Trial Attorneys Thomas Hanusik and Thomas McCann of the Fraud Section of the U.S. Department of Justice in Washington, are in Miami to prosecute the case against Mr. Kelly. Miami defense attorney Norman Moscowitz is representing Mr. Kelly.

Government prosecutors say James T. Kelly was a man who got involved in securities fraud because of "greed." His defense attorney says Mr. Kelly was a sick man who trusted his partners, and was not involved in fraudulent activity.

Because of health problems suffered by Mr. Kelly, an abbreviated daily trial schedule was instituted by Judge Cecilia Altonaga, running from 11:30 a.m. to 5:00 p.m. Because of this timetable, the trial is expected to last three weeks.


"This is a case about greed," said Mr. Hanusik in his opening statement to the jury. "It's about greed that led him to work with other people -- to conspire with other people -- to commit fraud."

Mr. Hanusik outlined the charges against Mr. Kelly, attempting to simplify the details for the jurors -- most of whom do not have a financial background.

"This case involves small cap stocks -- known as penny stocks," Mr. Hanusik said. "You'll learn that penny stocks in particular don't trade very much, they are thinly traded stocks."

Mr. Kelly was involved with Mr. Cowen at a company called Capital Research, Mr. Hanusik explained. Mr. Cowen was the "liaison" to the Lancer Group, which in turn was a major client in Shamrock, he said.

Despite a lot of talk about the Lighthouse Fast Ferry company, Mr. Hanusik emphasized that the abstract dealings in stocks was at issue in the trial, not the dealings of the actual company.

"This case is not about the ferry company itself, but about people who owned the ferry company stock," he said. "How they manipulated the ferry company's stock, specifically how they manipulated the month-end stock in 2001."

According to the prosecutor, "At the end of the months in this case, the fund managers from Lancer would get on the phone with Shamrock to tell them to push the price up."

Mr. Kelly would comply by buying up blocks of stock, which would create demand, Mr. Hanusik said.

"Remember, Lancer wasn't just a client, it was Shamrock's biggest client," he told the jurors. "The evidence is going to show that he (Kelly) was helping Lancer push the price of the ferry stock up at the end of the month -- that's called window dressing."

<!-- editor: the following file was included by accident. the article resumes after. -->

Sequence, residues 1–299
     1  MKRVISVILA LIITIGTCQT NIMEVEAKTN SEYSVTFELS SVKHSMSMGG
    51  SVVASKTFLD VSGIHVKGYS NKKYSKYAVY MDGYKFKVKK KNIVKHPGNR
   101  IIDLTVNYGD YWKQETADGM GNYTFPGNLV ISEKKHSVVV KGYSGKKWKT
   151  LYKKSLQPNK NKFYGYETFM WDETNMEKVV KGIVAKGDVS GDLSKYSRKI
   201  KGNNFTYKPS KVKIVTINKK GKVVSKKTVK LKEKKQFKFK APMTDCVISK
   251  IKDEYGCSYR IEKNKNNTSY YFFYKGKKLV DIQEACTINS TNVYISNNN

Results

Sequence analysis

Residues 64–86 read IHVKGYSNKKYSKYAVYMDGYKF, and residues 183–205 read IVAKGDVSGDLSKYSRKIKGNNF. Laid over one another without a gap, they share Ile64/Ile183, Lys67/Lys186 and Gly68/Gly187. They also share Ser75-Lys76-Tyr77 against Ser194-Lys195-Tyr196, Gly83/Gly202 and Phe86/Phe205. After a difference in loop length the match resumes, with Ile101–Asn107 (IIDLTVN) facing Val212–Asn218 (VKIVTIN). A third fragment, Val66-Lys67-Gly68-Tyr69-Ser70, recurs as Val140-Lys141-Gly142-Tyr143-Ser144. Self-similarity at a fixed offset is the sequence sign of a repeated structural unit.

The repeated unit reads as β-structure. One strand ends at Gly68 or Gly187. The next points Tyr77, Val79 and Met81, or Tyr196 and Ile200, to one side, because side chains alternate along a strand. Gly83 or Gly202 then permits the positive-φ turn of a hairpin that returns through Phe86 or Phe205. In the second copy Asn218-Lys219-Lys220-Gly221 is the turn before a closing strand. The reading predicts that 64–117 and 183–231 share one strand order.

Mr. Hanusik described how a sting operation was devised, using an undercover FBI agent named Mike Palasek and two former securities fraudsters, David Jones and Robert Schlien.

Mr. Jones and Mr. Schlien had been charged with fraud in Nevada, and with more charges pending against them in the Southern District of Florida, they had decided to cooperate with the government, Mr. Hanusik said.

Agent Palasek set up shop at Mr. Jones and Mr. Schlien's Boca Raton, Fla., offices, and they began spreading the word that they had $8 million to invest every month.

"They told people they had connections to British fund, that they had made friends with a British fund manager, known only by his first name, Nigel," Mr. Hanusik said.

But there were two hitches to the riches. First, the two men and the undercover agent wanted a 30-per-cent kickback.

"It was made clear to everyone that the fee could not be disclosed to the fund," Mr. Hanusik said.

Second was that a test trade with $10,000 kickback for two purported due diligence officers in Atlanta needed to take place.

"You'll hear how they were going to 'paper it over' as consulting fees," Mr. Hanusik said.

Mr. Hanusik told the jurors that the three conspirators bought into the scheme, planning to invest the money in Lighthouse Fast Ferry, but also wanted to make some money for themselves.

"You'll hear that Cowen, Huard and Kelly wanted a cut for themselves," he said. "They each wanted $200,000. ... As I told you earlier -- this case is about greed."

The test trade and a larger purchase arranged "with Kelly and his people to buy $5 million in stock," the prosecutor said, and the $10,000 was wired back to pay off the due diligence officers.

"Had this not been an undercover operation, a sting, the big transaction would have taken place," Mr. Hanusik said. Instead, the three men were arrested.


"James Kelly committed no crime," Mr. Moscovitz said, addressing the jury for the first time on behalf of Mr. Kelly. "He doesn't deserve to be sitting here. That deal was done by two men with whom he was close."

Mr. Kelly was "going through some very tough mental and physical problems," and was relying on his friends to operate his business, Mr. Moscowitz said.

Out of the 35 to 40 recorded telephone conversations, only three were with his client, Mr. Moscowitz said. All the others were with Mr. Huard or Mr. Cowen.

"When the informants call Shamrock, they ask for Joe Huard, they talk to Bruce Cowen," Mr. Moscowitz said. "If Jim answers the phone they say, 'Hi Jim, we want to talk to Joe.' And he hands them off."